Church holds no horror for me now

My church aversion probably started as a kid in Lebanon

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I think it would be safe to say that I’m not a regular churchgoer.

I lived in my previous village for nine years and entered the Norman church just once (we had Canadians to stay – they always want to see churches, it’s in the blood). I don’t actually think it was Norman, it just had a Norman doorway or maybe the vicar was called Norman. Whatever, it was quite pretty and completely empty but all that I was ever interested in was getting my grubby hands on the gorgeous Old Rectory opposite.

My church aversion probably started as a kid in Lebanon. Pretty much every one of my early family photos has me in the middle of a humongous sulk. This is because the photos were invariably taken before we went off to the British Protestant church in Beirut for either Christmas or Easter Day. My siblings and I would be forced to dress up like Little Lord Fauntleroy and I definitely had an early premonition that I was never going to be a tie-wearer.

Thankfully, something happened one year that stopped us attending. I think the new vicar had a beard and insisted everyone turn to their neighbour and shake their hand. Showing up at church was one thing but there was no way that my dad was going to put up with any beardy-weirdy, happy-clappy stuff.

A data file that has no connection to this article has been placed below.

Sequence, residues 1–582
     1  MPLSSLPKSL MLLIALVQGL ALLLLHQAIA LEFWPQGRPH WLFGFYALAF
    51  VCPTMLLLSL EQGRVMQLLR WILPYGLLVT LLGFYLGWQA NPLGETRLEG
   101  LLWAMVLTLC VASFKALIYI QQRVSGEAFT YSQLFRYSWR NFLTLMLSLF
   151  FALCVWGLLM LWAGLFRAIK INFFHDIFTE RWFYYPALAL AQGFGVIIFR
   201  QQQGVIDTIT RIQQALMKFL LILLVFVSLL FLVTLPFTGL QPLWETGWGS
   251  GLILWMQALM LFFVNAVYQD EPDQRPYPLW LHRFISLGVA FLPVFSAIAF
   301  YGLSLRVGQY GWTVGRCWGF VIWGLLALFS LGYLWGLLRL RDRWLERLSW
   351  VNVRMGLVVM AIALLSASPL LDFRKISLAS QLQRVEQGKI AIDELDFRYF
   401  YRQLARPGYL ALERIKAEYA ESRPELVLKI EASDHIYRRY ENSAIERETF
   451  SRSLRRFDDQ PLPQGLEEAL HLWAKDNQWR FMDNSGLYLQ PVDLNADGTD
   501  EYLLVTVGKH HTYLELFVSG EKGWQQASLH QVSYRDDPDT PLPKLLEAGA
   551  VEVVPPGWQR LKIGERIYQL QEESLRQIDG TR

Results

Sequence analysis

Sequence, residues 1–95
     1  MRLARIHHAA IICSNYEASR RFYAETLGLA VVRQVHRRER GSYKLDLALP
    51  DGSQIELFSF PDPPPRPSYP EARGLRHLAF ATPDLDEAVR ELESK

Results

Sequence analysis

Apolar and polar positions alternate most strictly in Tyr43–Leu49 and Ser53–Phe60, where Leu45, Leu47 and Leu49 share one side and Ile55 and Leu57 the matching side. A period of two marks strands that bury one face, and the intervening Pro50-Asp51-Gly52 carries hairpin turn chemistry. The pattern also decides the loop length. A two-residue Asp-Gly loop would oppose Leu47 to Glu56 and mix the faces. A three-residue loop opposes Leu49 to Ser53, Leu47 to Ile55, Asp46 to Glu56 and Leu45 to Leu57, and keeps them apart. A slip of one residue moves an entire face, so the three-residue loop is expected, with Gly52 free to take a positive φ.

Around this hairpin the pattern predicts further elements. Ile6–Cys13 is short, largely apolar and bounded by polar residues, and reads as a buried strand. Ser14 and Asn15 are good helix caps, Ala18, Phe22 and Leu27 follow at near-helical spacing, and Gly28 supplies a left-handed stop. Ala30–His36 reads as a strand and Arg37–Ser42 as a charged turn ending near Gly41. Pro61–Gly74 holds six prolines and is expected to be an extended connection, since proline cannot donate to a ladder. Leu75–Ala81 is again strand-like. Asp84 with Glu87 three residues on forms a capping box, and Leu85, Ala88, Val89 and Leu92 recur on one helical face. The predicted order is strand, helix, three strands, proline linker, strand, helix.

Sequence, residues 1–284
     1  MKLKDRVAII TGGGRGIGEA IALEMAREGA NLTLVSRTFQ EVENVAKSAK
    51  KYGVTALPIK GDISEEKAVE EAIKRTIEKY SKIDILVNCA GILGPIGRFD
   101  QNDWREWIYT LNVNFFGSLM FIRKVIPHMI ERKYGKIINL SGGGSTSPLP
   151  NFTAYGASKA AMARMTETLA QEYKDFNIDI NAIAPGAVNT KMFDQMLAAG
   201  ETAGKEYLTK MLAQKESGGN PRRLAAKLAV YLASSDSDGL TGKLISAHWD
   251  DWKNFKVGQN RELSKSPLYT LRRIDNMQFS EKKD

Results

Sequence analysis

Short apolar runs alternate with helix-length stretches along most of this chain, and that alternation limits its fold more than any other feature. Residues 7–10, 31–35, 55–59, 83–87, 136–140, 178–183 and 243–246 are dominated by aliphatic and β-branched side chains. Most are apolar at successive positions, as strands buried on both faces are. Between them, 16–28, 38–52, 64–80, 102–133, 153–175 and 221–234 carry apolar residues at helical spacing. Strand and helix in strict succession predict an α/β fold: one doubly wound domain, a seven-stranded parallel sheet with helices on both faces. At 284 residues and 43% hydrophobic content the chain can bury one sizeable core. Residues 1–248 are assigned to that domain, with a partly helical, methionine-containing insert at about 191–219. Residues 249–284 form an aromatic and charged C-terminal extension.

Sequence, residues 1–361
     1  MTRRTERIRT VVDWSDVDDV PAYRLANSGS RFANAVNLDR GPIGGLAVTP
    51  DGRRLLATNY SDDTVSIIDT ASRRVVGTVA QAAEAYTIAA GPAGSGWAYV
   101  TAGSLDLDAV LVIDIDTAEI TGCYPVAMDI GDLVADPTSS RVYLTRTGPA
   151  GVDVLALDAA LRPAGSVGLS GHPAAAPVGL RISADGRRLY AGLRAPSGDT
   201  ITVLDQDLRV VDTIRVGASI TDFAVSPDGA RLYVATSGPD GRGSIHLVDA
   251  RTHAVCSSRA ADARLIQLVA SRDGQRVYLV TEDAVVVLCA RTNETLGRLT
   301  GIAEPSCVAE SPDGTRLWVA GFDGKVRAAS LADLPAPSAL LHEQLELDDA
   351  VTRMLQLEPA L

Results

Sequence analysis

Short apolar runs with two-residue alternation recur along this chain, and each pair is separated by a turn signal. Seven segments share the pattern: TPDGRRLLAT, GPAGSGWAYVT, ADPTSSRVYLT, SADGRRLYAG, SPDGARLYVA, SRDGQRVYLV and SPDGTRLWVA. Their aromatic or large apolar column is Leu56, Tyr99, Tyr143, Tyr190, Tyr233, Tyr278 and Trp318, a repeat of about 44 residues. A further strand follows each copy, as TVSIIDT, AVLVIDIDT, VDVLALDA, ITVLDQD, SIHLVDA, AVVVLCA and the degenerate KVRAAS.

That church was on the seashore, on St George’s Bay in downtown Beirut. The next time I went there, in 2011 for my dad’s funeral, it was about half a mile inland as the bay had since been filled in with the debris of broken Beirut.

At boarding school, we were forced to attend chapel every day. I would sit and read the moving memorial plaques, marvelling at the different places round the world that old boys had managed to die in. Just as I was reading about the Bishop of Ouagadougou, who had been burnt by an angry mob, I would get a slap over the head from this very annoying Iranian prefect. He would indicate that I should bow my head and pray, which I always thought was not really any of his business. He used to spend a stupid amount of time in the school gym pumping iron and grunting a lot. He is now either a hot-shot producer in LA or head of the religious police in Tehran – these roles being pretty much interchangeable.

Last week, I went to the carol service at my kids’ new school. I went mainly because I love the last day of term. I love that feeling of excitement and anticipation of freedom that is in the air. I think maybe I get more excited than my kids, as they both declined my offer to start a bonfire and burn their schoolbooks on the rugby pitch. So, once again, I found myself in a school chapel, tieless, and not really participating. Once again, I was staring at plaques with dedications to old boys who’d been cut down in their prime in all the great and not-so-great wars of the past two hundred years. I found the building beautiful and rather peaceful. I even mouthed a little prayer that my kids never have to suffer the pity of war. I think I’m getting old.

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